27. 27. What does it mean to be critical? What’s criticaltheory, really?• Taking social inequality and social transformation as center to one’s work• How aspects of popular culture are related to the forms of political control and how particular forms of rationalism have come to dominate other possible ways of thinking.• Always turning a skeptical eye towards assumptions, ideas that have become “nauturalized.”- Problemitizing the given• Awareness of the limits of knowing. Being self reflexive.• E.G. Brian Morgan (1997,1998) gives an example of his own classroom to illustrate how critical practice in ESL can emerge from community concerns. He writes “ a community-based, critical ESL pedagogy doesn’t mean neglecting language. It means organizing language around experiences that are immediate to students.”
    28. 28. Critical theory on youtube:• What’s Critical Pedagogy?http://www.youtube.com/watch?v=wFOhVdQt27cConversation with Paulo Freire:http://www.youtube.com/watch?v=aFWjnkFypFA&feature=relatedConversation with Henry Giroux:http://www.youtube.com/watch?v=UvCs6XkT3-o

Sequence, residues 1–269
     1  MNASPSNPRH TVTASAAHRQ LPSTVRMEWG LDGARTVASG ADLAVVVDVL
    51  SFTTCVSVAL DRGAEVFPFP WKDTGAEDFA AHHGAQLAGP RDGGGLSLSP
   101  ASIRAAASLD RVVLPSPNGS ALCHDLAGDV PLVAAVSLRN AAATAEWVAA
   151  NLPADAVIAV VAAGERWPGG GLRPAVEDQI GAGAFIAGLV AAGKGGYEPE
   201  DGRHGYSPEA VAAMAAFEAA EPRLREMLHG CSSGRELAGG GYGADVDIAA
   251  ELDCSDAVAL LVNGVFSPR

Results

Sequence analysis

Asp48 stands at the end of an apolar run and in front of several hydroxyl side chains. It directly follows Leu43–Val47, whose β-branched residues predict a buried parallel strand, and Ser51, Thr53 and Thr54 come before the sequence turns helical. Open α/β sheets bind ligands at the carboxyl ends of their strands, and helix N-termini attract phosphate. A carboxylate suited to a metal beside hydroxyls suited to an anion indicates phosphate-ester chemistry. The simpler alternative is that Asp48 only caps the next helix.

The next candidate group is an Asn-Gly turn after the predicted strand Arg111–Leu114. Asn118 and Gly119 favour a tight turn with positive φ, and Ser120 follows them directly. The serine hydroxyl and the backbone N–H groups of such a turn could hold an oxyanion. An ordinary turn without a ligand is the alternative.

29. 29. CRITICAL ANALYSIS OF TESOL QUARTERLYSPECIAL ISSUE ON CRITICAL PEDAGOGY IN ELTGet into groups of 4-5. Pick one article that presents critical ways to ELT.Discuss the article based on your undestanding of Pennycook’sTransformative Pedagogies:• Critical Literacy article• Critical Pedagogy in Brazil• Community based approach to Critical pedagogy• Becoming Black• Participatory education for immigrant womenHow do these studies explain transformative pedagogy? Do you see signs ofpedagogy of engagement/problemitizing practice/notion of learnerautonomy in this study? What are the research questions? What are thedata collection methods? What are the findings?
    30. 30. CREATE YOUR GROUP’S VISUALVISUAL ART ON LANGUAGEEDUCATION:IN GROUPS OF THREE, DRAW AMETAPHOR FOR YOUR DEFINITIONOF TEACHER AND CLASSROOM FROMA POST-METHOD PEDAGOGYPERSPECTIVEWhat is your definition of a languageteacher?How do you define classrooms andclassroom interaction?